Part 3: The Ascendancy of David by Roger Dixon

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2 Sam.8:15.  So David reigned over all Israel; and David administered justice and righteousness for all his people.

For a long time after David was anointed by Samuel to be king, there was war and conflict between the house of Saul and David. Saul pursued David armed with the purpose of killing him. Saul can be seen as a type of the soul realm dominated by the flesh while David represents the realm of our spirits. Even after God meets us and we receive Jesus Christ as our savior, we find there still remains a conflict within us. Even as David of old, we have been anointed, but we find “Saul” still pursues us, creating conflicts and battles in our lives. Once we receive the Lord Jesus, it is but the beginning of “David” coming to the throne.

2Sa 3:1 Now there was a long war between the house of Saul and the house of David; and David grew steadily stronger, but the house of Saul grew weaker continually.

If we follow on to know the Lord, if we submit ourselves to His Word and leading, we find “David” growing steadily stronger and “Saul” growing steadily weaker in our lives. What this means is that Jesus Christ comes to ascendancy in our spirits and reigns over us as Lord, just as David came to ascendancy and finally ruled over all Israel. The process we go through is not a pleasant one just as David’s experience was not pleasant. David fought many battles, lived in the desert, hid in caves and did many other things while God was bringing him to the throne. The Lord also puts us through the same experience. He deals with us until there is recognition of the corruption in our soul/flesh natures and then He tells us as He did the woman caught in the act of adultery, “Go your way and sin no more.” This means we go forward with a submission in our spirits to His Lordship over us, and no more give the soul/flesh realm of Saul a place. This is not instantaneous though. “Through many tribulations we enter the Kingdom of God.”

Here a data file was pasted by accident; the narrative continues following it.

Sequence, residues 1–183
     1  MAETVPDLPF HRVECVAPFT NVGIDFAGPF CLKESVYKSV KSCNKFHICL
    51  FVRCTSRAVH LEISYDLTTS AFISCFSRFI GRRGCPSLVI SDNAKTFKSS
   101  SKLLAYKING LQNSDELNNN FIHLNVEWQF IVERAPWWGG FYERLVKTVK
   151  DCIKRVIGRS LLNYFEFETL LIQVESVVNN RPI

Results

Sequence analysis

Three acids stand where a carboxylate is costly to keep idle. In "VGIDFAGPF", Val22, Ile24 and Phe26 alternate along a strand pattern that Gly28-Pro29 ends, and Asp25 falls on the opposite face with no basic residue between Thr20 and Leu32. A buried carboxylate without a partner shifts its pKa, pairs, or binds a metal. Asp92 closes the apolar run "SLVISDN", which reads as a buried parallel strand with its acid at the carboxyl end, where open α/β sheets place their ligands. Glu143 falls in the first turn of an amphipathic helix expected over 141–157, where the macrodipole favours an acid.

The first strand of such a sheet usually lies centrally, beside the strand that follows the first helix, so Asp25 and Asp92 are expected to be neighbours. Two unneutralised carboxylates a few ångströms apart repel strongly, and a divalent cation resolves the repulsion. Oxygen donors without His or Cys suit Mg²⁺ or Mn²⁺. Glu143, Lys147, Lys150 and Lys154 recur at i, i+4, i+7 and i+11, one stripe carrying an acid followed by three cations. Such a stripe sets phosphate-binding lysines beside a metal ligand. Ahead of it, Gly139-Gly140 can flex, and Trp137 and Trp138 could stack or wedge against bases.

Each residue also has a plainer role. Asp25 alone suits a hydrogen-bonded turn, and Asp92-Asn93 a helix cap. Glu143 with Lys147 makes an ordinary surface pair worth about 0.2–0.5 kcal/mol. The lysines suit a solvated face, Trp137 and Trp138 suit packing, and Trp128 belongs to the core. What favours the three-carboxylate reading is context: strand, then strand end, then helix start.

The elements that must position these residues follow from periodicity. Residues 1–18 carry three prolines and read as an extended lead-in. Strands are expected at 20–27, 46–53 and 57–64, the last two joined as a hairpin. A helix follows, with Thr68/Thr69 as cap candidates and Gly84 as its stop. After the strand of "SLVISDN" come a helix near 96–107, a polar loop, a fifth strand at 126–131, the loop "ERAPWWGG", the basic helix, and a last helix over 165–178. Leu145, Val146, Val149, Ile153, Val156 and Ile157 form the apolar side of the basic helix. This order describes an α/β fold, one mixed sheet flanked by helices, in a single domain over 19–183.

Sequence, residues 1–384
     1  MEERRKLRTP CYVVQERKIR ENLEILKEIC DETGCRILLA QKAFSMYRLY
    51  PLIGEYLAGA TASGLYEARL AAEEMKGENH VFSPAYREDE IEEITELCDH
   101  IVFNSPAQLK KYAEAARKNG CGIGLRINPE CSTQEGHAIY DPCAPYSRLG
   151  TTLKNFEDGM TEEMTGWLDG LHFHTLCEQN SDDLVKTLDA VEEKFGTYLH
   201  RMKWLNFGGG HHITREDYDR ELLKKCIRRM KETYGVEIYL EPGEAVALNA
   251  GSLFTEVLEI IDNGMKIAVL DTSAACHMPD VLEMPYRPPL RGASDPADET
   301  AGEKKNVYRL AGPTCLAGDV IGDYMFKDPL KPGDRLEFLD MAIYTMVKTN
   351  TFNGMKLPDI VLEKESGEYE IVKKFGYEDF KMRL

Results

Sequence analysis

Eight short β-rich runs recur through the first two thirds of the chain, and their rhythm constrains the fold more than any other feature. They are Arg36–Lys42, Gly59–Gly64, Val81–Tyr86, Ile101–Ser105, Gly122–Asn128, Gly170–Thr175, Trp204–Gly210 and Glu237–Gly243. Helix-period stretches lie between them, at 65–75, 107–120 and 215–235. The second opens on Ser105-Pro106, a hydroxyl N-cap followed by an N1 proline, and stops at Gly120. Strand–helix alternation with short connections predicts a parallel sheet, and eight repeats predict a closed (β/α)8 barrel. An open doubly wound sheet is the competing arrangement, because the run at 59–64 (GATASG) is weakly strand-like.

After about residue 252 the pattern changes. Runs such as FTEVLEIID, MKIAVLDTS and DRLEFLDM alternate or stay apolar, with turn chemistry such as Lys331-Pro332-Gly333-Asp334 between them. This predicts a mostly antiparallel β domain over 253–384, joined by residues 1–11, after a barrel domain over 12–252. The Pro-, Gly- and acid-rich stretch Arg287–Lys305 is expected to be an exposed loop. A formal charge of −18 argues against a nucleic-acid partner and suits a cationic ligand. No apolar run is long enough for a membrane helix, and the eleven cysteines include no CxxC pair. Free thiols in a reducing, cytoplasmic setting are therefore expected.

2nd Sam. 9:1:

¶ Then David said, “Is there yet anyone left of the house of Saul, that I may show him kindness for Jonathan’s sake?”

2 Now there was a servant of the house of Saul whose name was Ziba, and they called him to David; and the king said to him, “Are you Ziba?” And he said, “I am your servant.”

 3* The king said, “Is there not yet anyone of the house of Saul to whom I may show the kindness of God?” And Ziba said to the king, “There is still a son of Jonathan who is crippled in both feet.”

4* So the king said to him, “Where is he?” And Ziba said to the king, “Behold, he is in the house of Machir the son of Ammiel in Lo-debar.”

 5 Then King David sent and brought him from the house of Machir the son of Ammiel, from Lo-debar.

 6 Mephibosheth, the son of Jonathan the son of Saul, came to David and fell on his face and prostrated himself. And David said, “Mephibosheth.” And he said, “Here is your servant!”

 7* David said to him, “Do not fear, for I will surely show kindness to you for the sake of your father Jonathan, and will restore to you all the land of your grandfather Saul; and you shall eat at my table regularly.”